On the third day, approaching the car park, the rangers passed by in their truck. Recognising my bike they flashed their lights and waved. They were amazed. Pleased … well more than that … they were excited. They loved that someone stopped for a moment, listened, took some care. I was already undergoing some strange metamorphosis, like I had ingested thousands of kilometres of space and was floating in the wild silence of the desert — for while there was certainly a rough beauty in the smallest plant, it was also clear that death could come quickly and unexpectedly for those unused to the conditions.
By the fourth day, the rangers and I were friends. During tours they would take me aside and show me special things … small plants, the tracks of a kangaroo or centipede, the berries of a hardy desert tree — or encourage me to experience the lemon tang taste of an ant’s behind. My small investment of time changed the tenor of my entire experience — and the welcoming was generous and warm and overwhelming. But it was equally clear that there were problems.
Two hundred years of disadvantage, poverty and isolation had taken its toll on the community. And for every success — and there are many — there were also failures, problems and dangers. The same people who would passionately and generously share stories and culture in the day could be seen, later, desperately drunk, bored and lost. Despite the strength and pride of the Aboriginal culture it could not protect some from the self-destructive behaviours that grow out of institutionalised disenfranchisement. But where did the blame lay? How did this happen? And what could be done about it?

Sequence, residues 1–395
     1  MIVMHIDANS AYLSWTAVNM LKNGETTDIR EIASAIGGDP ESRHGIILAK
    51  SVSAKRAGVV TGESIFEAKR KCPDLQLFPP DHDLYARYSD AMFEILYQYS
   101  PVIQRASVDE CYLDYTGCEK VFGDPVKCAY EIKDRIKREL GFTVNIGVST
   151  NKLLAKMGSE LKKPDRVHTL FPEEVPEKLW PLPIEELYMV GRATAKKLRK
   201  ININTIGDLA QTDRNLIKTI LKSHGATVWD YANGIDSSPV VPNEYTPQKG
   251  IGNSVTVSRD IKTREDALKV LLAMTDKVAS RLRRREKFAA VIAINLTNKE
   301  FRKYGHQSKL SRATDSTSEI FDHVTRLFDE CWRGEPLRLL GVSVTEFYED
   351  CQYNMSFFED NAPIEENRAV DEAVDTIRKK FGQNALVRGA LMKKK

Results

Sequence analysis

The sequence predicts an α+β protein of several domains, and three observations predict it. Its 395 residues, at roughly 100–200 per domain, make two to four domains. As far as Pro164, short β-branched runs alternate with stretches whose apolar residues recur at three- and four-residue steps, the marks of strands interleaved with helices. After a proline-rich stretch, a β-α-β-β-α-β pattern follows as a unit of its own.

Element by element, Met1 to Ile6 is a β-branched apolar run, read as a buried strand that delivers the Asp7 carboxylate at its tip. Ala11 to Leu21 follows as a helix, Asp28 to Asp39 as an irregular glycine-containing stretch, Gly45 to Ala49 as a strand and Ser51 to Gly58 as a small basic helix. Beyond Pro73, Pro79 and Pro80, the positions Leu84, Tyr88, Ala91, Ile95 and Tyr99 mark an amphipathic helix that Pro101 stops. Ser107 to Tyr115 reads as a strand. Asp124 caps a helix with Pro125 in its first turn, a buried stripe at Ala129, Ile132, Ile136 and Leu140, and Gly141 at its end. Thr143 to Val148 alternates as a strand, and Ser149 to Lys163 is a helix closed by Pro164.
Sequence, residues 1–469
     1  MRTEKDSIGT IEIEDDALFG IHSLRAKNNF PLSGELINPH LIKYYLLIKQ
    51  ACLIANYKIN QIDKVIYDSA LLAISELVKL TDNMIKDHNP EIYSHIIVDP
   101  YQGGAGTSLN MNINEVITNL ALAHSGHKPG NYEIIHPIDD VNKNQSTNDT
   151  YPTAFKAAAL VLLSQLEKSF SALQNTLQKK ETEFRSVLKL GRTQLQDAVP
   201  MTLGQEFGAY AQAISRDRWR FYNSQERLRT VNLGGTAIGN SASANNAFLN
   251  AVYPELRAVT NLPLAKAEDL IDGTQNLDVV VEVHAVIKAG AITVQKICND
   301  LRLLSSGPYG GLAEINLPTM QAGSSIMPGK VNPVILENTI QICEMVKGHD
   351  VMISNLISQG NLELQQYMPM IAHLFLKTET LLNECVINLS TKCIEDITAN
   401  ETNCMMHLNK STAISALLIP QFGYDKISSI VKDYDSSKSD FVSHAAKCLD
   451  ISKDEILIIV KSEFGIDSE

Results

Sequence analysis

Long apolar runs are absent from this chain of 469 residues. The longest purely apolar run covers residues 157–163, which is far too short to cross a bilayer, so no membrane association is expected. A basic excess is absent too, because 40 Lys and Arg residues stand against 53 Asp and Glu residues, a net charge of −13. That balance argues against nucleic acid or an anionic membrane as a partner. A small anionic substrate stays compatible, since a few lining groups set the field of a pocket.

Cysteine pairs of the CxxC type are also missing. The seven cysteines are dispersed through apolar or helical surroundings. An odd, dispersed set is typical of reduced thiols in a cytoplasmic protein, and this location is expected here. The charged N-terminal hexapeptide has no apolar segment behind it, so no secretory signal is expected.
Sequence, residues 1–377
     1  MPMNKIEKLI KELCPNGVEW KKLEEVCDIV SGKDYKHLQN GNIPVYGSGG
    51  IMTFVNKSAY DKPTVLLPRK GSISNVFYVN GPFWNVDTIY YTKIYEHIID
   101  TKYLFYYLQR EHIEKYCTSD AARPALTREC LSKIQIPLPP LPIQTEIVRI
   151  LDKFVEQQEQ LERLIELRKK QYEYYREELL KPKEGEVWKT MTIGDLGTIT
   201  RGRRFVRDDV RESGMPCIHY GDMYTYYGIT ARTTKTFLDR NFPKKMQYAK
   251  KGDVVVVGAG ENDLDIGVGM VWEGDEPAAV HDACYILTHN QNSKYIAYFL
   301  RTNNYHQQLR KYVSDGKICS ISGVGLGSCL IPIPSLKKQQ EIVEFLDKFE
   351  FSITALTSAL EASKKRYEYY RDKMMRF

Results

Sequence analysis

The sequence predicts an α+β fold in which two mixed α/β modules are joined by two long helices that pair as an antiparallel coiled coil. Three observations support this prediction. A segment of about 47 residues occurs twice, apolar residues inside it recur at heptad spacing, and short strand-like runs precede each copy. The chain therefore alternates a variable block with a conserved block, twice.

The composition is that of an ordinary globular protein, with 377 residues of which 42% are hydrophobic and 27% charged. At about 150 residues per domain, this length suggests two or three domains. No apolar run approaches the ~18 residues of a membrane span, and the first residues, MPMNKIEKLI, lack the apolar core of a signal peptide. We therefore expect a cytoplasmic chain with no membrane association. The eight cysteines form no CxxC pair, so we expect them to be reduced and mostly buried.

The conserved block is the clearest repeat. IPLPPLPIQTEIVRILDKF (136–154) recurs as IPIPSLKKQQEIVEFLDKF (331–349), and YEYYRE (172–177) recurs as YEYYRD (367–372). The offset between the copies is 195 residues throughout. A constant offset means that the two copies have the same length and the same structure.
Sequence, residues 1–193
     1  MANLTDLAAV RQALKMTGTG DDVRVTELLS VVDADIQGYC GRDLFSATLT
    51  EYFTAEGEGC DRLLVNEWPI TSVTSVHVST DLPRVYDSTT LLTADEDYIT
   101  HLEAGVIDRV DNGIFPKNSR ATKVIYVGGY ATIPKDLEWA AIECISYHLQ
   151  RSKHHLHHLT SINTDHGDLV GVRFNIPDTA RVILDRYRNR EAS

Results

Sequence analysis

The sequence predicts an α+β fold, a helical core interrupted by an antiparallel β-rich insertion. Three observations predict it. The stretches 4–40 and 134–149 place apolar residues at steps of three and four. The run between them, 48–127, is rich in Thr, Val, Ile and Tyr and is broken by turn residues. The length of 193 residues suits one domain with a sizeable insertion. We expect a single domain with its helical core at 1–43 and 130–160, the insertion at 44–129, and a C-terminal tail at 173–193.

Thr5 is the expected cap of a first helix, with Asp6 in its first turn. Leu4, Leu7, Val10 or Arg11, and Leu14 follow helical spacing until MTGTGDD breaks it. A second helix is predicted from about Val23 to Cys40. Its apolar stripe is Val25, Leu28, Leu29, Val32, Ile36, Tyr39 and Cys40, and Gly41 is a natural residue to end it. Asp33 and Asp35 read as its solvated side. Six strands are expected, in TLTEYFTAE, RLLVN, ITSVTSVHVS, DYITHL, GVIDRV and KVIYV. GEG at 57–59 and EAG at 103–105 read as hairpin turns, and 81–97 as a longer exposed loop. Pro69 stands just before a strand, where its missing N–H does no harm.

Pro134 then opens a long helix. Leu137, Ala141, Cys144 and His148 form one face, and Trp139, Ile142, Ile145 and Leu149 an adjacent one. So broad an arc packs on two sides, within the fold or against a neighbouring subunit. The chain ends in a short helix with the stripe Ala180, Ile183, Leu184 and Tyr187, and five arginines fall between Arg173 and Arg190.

It is many years since my visit to Uluru, yet the experience remains with me. It haunts me. It energises me. It lives as a sad shadow in my consciousness but also as a symbol of a shared future.
On the way back I shared breakfast with a fellow motorcyclist who worked in an Aboriginal community. We talked about my experience and he shared his deeper, longer and more protracted experience. He smiled at me and said., "It is complicated … you have obviously been working in the communities?". No … just a visitor. "There are no easy answers", he said.
As we speak, the Australian Government has launched an initiative that seeks to unilaterally change the way that "troubled" Aboriginal communities operate. And there is no doubt that there are troubles … but the issues, the root causes, go far deeper than a quick fix. They lie outside of the realm of "financial assistance" or "DEP" or any political doctrine. The noblest of causes can be implemented in ways that ignore the needs of those MOST affected … and the best intentions can also be perceived as a form of imperialism. We can neither proscribe change nor ignore obvious issues. There is only a fine line to walk between the two. But what is manifestly true, is that we are ALL impoverished when our brothers and sisters are diminished. I am all for action … but not at any cost